- >Financial Report
- >Consolidated financial statements Geberit Group
- >Notes to the consolidated financial statements
- >Note 16
1. Basic information and principles of the report
2. Changes in Group structure
3. Summary of significant accounting policies
4. Risk assessment and management
5. Management of capital
6. Trade accounts receivable
7. Other current assets and current financial assets
9. Property, plant and equipment
10. Other non-current assets and non-current financial assets
11. Goodwill and intangible assets
12. Short-term debt
13. Other current liabilities and provisions
14. Long-term debt
15. Financial instruments
16. Retirement benefit plans
The Geberit Group manages defined benefit plans for its employees in various countries. The Swiss pension plans and the UK pension plan are the major funded plans, which hold their assets in legally separate pension funds. Even after integrating the defined benefit plans of the newly acquired Sanitec Group, the biggest plans are still managed in Switzerland and Germany, which together account for 92% (PY: 98%) of the total benefit obligations.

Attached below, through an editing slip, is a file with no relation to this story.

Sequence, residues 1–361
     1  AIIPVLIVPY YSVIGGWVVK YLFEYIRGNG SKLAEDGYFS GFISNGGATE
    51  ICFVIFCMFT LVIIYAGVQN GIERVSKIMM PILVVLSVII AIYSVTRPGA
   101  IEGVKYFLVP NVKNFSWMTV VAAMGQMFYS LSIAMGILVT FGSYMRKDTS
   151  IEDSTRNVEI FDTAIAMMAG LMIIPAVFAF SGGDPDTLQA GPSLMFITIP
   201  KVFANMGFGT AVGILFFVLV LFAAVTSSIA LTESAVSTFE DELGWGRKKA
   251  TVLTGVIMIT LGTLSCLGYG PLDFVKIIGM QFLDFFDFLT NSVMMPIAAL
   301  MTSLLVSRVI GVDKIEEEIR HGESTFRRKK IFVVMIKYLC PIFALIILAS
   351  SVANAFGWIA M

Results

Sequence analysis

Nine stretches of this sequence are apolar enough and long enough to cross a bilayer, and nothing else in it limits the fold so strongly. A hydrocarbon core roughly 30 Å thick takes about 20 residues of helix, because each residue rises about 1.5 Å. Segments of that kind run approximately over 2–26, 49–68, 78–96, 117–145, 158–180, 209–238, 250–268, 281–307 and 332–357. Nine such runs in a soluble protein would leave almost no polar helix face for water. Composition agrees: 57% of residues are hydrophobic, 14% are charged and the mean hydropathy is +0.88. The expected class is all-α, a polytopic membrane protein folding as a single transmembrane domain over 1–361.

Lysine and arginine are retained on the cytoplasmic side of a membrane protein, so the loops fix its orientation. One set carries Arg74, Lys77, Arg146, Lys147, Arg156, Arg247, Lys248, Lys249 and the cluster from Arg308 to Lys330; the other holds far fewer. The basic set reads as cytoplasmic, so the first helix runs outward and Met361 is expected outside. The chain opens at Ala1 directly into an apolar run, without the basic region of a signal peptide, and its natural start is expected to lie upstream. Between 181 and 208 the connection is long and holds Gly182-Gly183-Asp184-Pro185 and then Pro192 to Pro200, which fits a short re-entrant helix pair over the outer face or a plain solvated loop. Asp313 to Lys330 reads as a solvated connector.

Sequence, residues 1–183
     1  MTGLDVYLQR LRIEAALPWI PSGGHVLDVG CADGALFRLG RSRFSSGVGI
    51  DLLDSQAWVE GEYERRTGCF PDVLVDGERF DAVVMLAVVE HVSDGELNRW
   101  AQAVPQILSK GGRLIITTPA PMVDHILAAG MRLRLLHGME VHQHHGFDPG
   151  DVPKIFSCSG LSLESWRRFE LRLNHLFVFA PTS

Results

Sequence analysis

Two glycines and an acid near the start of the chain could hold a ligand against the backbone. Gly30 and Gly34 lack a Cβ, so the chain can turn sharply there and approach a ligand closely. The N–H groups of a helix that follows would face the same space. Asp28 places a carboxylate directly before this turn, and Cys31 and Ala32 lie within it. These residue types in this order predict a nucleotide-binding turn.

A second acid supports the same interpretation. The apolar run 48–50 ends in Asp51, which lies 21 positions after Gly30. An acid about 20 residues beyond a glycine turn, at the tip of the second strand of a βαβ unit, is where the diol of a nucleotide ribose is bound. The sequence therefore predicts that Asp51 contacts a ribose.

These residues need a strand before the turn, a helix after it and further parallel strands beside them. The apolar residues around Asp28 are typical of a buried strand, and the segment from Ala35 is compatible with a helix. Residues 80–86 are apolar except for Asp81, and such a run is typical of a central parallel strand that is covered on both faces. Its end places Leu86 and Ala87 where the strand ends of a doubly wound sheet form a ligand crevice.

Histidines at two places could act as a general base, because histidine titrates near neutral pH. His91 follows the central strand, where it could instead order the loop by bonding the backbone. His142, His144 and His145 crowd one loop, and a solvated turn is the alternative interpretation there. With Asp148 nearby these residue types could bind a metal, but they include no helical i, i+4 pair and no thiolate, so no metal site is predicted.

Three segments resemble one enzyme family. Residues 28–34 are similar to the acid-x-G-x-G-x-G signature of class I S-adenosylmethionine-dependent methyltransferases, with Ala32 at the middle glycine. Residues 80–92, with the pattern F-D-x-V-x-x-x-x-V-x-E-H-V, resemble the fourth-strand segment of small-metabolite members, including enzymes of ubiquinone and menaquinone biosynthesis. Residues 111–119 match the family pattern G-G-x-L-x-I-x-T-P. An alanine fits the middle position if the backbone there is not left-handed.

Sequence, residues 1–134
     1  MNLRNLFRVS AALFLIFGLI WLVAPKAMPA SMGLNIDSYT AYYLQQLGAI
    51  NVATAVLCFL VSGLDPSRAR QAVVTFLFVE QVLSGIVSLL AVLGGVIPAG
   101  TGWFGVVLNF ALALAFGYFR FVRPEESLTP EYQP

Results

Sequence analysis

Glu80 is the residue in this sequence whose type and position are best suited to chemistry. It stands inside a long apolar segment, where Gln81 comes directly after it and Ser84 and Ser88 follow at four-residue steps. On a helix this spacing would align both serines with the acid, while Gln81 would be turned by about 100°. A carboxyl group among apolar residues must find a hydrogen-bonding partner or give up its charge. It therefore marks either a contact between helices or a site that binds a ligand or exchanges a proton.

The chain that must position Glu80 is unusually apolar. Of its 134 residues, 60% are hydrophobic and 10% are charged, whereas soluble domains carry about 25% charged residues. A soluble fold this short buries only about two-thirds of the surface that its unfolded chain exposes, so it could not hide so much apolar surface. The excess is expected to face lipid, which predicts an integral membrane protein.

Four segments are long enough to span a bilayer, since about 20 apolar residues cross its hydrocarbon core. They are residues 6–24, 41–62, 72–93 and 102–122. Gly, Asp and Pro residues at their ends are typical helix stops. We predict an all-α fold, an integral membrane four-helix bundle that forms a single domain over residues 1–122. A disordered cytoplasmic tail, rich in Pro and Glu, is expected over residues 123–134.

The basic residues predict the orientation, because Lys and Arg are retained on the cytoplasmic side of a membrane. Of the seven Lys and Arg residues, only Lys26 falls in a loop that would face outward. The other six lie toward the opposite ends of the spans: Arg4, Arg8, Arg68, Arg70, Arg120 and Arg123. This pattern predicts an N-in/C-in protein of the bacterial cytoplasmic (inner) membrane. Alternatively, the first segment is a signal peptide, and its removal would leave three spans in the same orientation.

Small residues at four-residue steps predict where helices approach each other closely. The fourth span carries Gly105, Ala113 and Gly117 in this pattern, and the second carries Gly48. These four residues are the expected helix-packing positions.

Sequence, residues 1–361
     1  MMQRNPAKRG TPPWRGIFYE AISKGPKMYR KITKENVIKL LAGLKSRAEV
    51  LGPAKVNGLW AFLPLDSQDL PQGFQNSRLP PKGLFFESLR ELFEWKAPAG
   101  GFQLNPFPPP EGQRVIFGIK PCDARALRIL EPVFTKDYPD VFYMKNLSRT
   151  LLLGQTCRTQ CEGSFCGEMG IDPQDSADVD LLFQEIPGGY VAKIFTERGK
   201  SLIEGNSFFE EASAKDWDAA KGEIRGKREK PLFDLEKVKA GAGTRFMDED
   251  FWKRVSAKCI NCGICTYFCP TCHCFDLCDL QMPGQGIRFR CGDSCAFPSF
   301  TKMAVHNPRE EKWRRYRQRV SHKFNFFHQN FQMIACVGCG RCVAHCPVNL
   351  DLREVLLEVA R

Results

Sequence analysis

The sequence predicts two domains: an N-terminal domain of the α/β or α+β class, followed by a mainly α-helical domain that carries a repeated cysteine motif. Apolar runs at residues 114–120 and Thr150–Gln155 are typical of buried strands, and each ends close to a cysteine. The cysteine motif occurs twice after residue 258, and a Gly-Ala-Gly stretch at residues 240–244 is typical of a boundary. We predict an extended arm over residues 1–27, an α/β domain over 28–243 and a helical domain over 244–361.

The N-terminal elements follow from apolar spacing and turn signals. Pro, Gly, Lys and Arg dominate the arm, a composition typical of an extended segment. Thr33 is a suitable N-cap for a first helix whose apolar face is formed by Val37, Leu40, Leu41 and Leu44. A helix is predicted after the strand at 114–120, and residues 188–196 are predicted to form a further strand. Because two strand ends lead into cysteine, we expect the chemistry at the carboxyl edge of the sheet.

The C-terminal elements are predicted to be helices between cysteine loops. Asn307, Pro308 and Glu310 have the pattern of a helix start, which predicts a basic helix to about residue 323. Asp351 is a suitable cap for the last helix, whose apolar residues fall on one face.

The following table provides an overview of the current status of the benefit obligations, plan assets and reimbursement rights of reinsurance policies.
|Benefit obligation (for funded retirement benefit plans)||554.9||504.3|
|Plan assets at fair value||496.1||471.0|
|Benefit obligation (for unfunded retirement benefit plans)||210.6||208.6|
|Plan assets at fair value||0.0||0.0|
|Benefit obligation (for funded retirement benefit plans)||39.6||0.0|
|Benefit obligation (for unfunded retirement benefit plans)||29.1||14.6|
|Plan assets at fair value||38.7||0.0|
|Benefit obligation (for all retirement benefit plans)||834.2||727.5|